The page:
The last time I was in the office was the Christmas party. I took annual leave as planned the day after. And five days after that I was diagnosed with breast cancer. I haven’t been back to work since. And that’s a choice I’m wrestling with.
I realise I’m lucky that I get to make that choice – I’m fortunate that my employer is supporting me through my treatment. This isn’t the case for everyone – and for some, there’s no financial alternative but to keep on turning up at the office and battle through the side effects.
But there are also those that choose to keep working during treatment, because it gives them a sense of normality and routine. And I get that – I’ve blogged before about missing the routine of the mid-morning coffee run, and the banter with colleagues. I love my job as a journalist and enjoy the mental stimulation that producing and reporting on other people’s stories brings.
Victoria Derbyshire carried on presenting her TV show during chemotherapy, wearing a wig on screen. And 5Live newsreader Rachael Bland, who is currently blogging about her treatment, even did a Facebook Live from her chemotherapy session. I admire them for carrying on, and I’m also a little envious. The self-critical part of me (and it’s quite a big part) likes to beat myself up about it: Why are my side effects so all-consuming? Is it because I’m mentally weak? Would I cope better if I did carry on working? Am I being a bit pathetic about it all?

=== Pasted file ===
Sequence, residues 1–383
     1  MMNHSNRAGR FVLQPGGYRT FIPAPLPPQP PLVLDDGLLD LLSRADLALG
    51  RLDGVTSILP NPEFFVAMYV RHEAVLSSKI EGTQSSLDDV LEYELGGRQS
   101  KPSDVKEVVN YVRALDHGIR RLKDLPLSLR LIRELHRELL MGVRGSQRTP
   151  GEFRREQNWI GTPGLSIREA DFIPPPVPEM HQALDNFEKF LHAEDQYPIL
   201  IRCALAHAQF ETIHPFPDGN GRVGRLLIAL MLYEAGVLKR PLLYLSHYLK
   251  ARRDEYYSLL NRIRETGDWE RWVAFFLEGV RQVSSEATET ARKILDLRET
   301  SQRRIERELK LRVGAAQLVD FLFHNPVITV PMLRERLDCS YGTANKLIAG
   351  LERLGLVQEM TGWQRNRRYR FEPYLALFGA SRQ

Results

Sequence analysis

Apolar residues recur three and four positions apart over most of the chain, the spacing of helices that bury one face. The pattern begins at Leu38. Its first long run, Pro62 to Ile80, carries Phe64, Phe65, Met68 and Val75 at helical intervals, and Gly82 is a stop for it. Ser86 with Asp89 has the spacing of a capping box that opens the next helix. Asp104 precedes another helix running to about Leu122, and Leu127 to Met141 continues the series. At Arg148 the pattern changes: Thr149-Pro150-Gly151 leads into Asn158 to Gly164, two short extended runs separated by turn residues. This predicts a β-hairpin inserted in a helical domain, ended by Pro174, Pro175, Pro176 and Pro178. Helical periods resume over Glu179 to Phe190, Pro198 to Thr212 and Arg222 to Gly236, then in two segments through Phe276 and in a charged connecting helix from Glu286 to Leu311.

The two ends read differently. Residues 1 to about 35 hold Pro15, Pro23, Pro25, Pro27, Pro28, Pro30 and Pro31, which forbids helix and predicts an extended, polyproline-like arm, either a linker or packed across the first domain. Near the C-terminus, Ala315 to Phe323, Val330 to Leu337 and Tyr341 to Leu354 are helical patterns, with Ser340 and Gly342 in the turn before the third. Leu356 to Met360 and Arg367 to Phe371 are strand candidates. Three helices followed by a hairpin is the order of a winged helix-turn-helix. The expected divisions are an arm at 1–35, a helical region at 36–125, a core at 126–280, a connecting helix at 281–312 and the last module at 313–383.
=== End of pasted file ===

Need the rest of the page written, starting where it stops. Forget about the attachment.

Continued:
But the truth is, it’s pointless comparing yourself with other people going through chemotherapy, because everyone reacts differently to the various drug regimens, and everyone has different ways of coping with the rigours of the side effects. And for me, the first ten days after chemotherapy are so physically and mentally exhausting, that I want to spend the next ten days recovering – cooking and eating good food, spending fatigue-free time with my children and doing fun stuff like watching a film or reading a book without the brain fog. Basically, shoring myself up for the next onslaught of poison.
And no matter how much you enjoy your job, working always brings its own stresses and strains. I’m functioning, but only just. I don’t cry often, but tears are never far from the surface. I don’t want to put myself in a situation where I end up sobbing into my keyboard when we cover a story about a murder/child abuse/cancer. When you’re ‘on the edge’ yourself, it becomes more difficult to maintain that journalistic detachment.
Who knows? – next week I might feel completely different and be so bored out of my mind that I can’t wait to get back to it. But right now, my decision to take a step back from work during treatment feels like the right one. For me, my health, and my family.